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Saturday, September 30, 2023

FBI Warns of Deepfake Extortion Scams Using Public Media

FBI Alerts Public to AI-Generated Deepfake Scams Exploiting Social Media Images

The FBI has issued a warning regarding the use of AI technology by scammers to produce sexually explicit deep fake images and videos as a means to extort money from individuals, commonly known as “sextortion.”

This alarming threat takes advantage of the innocent photos shared on public social media accounts.

With the help of sophisticated image and video editing software, malicious actors can manipulate these images and generate pornographic content using the victim’s face.

“The FBI continues to receive reports from victims, including minor children and non-consenting adults, whose photos or videos were altered into explicit content,” the agency said(Opens in a new window) in the alert.

“The photos or videos are then publicly circulated on social media or pornographic websites, for the purpose of harassing victims or sextortion schemes.”

As a result, the FBI is warning the public about the danger of posting photos and videos of themselves online.

“Although seemingly innocuous when posted or shared, the images and videos can provide malicious actors an abundant supply of content to exploit for criminal activity.”

While the FBI did not provide specific numbers, the agency’s alert was prompted by the significant increase in sextortion schemes targeting minors.

In these cases, online predators often pose as attractive individuals to deceive teenage boys into sharing explicit photos.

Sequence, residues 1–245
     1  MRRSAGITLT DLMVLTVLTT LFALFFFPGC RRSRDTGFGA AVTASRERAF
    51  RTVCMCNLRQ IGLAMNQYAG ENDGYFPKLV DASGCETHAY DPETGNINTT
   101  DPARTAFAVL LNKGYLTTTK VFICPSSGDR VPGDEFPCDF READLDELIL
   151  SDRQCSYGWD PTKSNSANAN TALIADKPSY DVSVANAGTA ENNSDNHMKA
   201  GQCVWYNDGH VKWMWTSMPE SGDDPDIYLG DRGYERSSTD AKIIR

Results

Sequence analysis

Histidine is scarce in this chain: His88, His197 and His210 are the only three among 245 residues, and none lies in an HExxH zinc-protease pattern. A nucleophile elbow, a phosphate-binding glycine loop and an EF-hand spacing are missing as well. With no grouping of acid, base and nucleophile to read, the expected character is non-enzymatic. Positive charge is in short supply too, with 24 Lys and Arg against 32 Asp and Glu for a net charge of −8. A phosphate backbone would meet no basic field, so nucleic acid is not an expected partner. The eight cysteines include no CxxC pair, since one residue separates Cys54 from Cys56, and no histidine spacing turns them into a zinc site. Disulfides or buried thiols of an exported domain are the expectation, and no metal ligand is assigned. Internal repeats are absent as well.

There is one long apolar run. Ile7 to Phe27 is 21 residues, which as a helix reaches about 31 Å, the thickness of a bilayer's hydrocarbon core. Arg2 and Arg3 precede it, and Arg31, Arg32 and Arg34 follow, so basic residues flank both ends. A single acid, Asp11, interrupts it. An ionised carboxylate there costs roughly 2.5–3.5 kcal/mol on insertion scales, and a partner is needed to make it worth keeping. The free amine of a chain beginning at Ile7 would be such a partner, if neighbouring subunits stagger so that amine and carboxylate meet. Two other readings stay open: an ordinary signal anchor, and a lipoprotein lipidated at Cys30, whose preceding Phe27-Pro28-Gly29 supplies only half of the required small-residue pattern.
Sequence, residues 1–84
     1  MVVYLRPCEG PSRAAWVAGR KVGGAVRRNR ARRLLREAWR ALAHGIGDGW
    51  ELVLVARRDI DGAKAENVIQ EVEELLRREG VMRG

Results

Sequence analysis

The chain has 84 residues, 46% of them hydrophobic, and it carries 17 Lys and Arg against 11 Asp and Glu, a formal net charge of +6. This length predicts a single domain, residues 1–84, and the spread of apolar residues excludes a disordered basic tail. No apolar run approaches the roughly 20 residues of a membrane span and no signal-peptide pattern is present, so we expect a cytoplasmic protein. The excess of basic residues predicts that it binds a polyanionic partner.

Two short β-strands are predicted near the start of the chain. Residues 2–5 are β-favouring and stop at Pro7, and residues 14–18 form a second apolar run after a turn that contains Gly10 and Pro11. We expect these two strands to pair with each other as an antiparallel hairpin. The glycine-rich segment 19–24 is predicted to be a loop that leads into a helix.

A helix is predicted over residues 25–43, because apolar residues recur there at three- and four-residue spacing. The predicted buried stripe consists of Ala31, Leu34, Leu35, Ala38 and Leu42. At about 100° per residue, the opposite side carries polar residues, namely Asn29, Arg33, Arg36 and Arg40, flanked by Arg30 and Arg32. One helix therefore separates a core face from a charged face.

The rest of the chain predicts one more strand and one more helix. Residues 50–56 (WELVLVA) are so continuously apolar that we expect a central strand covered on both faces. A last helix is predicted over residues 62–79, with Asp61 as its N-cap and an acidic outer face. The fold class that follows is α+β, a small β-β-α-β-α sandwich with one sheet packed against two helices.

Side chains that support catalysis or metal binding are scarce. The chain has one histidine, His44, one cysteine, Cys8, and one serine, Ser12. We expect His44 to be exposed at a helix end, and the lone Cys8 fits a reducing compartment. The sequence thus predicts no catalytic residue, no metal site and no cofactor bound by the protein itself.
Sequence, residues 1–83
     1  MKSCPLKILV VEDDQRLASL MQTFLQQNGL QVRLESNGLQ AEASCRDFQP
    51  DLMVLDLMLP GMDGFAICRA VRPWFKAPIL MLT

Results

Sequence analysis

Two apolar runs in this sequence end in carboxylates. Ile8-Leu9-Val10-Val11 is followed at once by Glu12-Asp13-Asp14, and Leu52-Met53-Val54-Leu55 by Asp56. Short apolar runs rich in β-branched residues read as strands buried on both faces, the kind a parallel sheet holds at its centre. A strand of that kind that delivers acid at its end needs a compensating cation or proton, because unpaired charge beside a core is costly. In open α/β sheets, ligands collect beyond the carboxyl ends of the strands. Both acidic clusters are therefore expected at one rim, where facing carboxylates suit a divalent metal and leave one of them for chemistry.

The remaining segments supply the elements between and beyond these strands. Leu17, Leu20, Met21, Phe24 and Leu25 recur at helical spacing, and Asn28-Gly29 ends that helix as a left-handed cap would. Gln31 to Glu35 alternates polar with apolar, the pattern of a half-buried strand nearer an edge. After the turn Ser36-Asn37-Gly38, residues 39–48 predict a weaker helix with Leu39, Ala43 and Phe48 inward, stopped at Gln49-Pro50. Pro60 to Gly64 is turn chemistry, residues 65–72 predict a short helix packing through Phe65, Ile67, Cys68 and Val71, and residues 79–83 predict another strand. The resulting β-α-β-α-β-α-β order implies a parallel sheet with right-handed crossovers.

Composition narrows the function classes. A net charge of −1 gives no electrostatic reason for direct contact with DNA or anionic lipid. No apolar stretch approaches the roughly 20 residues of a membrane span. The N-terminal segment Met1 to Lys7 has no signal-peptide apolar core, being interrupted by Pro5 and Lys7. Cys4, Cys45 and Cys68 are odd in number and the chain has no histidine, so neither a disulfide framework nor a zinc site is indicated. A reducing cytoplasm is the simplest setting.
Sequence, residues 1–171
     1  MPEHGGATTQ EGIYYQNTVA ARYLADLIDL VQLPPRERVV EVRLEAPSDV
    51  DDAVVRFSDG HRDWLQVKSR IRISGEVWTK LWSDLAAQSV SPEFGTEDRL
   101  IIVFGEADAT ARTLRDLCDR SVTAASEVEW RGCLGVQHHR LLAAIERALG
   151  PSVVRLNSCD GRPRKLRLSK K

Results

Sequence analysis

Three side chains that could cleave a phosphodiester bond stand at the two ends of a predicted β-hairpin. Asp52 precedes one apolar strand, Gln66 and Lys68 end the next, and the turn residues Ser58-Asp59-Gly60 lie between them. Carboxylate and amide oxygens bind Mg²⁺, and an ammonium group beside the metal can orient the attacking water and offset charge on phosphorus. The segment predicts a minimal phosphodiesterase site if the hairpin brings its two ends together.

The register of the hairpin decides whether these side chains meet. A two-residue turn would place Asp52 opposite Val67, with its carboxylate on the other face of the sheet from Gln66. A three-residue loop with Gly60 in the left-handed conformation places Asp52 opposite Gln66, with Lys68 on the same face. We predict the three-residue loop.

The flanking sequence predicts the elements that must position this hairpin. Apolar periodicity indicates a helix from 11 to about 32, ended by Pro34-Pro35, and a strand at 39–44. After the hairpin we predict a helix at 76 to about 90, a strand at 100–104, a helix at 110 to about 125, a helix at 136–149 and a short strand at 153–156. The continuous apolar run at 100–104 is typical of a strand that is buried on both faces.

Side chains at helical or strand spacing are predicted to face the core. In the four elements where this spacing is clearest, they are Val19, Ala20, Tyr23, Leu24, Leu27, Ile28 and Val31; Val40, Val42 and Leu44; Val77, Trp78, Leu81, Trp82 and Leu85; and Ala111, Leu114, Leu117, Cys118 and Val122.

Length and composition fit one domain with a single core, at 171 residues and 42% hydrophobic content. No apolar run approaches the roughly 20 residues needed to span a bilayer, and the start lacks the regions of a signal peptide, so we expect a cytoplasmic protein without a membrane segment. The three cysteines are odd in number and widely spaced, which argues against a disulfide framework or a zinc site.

Subsequently, the scammer threatens to publicly distribute the compromising content unless a ransom is paid.

In today’s alert, the FBI noted recent sextortion schemes have also involved the use of deepfakes.

“As of April 2023, the FBI has observed an uptick in sextortion victims reporting the use of fake images or videos created from content posted on their social media sites or web postings, provided to the malicious actor upon request, or captured during video chats,” the agency said.

In some cases, the predators will also use the deepfakes to pressure a victim into sending them “real sexually-themed images or videos.”

The increasing prevalence of malicious deepfakes has raised concerns, leading to a potential expansion of laws prohibiting their use. Currently, only a handful of states, including Virginia and California, have enacted bans specifically targeting deepfake pornography.

However, in an effort to combat non-consensual deepfakes, Representative Joe Morelle (D-NY) recently introduced federal legislation that aims to criminalize their creation and distribution. This proposed legislation seeks to address the issue on a national level.

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